LBNL Report Number
For many federal facilities, the fastest growing end-use of electric energy is found in concentrations of computing capacity commonly known as data centers. For these users, the critical importance of information processing to their agency mission will present a serious challenge to meeting the aggressive new energy efficiency goals in Executive Order 13423. Federal energy managers can find a variety of methods for reducing energy intensity, in both design and operations, for these high-technology facilities . This report summarizes a recent demonstration of one such technique — configuring power supply systems for data centers so that they use DC (direct current) power throughout, eliminating the conventional practice of multiple conversions from utility-supplied AC (alternating current) to DC and back again at every stage of the power supply system. This eliminates both the power loss and heat generated by each such conversion (which drives air conditioning energy use).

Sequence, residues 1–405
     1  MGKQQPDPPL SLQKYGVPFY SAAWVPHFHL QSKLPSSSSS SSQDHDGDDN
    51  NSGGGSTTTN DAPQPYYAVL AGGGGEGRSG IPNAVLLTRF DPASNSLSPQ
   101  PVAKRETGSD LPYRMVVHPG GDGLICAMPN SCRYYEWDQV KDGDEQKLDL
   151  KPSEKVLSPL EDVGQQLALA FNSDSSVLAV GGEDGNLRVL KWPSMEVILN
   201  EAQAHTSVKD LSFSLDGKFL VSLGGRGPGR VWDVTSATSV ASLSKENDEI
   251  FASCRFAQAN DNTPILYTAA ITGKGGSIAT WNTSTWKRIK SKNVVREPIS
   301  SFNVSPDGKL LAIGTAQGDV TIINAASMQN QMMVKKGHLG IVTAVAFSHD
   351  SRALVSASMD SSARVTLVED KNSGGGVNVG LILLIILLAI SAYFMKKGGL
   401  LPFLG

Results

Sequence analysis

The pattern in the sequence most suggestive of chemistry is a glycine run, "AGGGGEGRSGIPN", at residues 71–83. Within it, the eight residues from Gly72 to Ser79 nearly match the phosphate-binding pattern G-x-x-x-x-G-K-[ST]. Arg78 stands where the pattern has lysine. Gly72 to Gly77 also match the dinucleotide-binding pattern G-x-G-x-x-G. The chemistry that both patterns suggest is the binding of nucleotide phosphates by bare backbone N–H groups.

The demonstration suggests that direct powering, coupled with selection of high-efficiency power-supply components, can result in as much as 30% improvement in power conversion and distribution to IT equipment as well as overall facility level efficiency, when compared to a typical AC-powered data center. Data do not exist for more than the broadest ballpark estimate of energy use in federal centers, which suggests an order-of-magnitude figure of as much as 6 TWh/year. While data processing equipment decisions are made on the basis of many criteria other than energy efficiency, and no systematic effort was made in this demonstration to estimate the cost-effectiveness of retrofit of power supplies, this demonstration does suggest that federal data centers could potentially be using as much as 1.8 TWh/year less energy.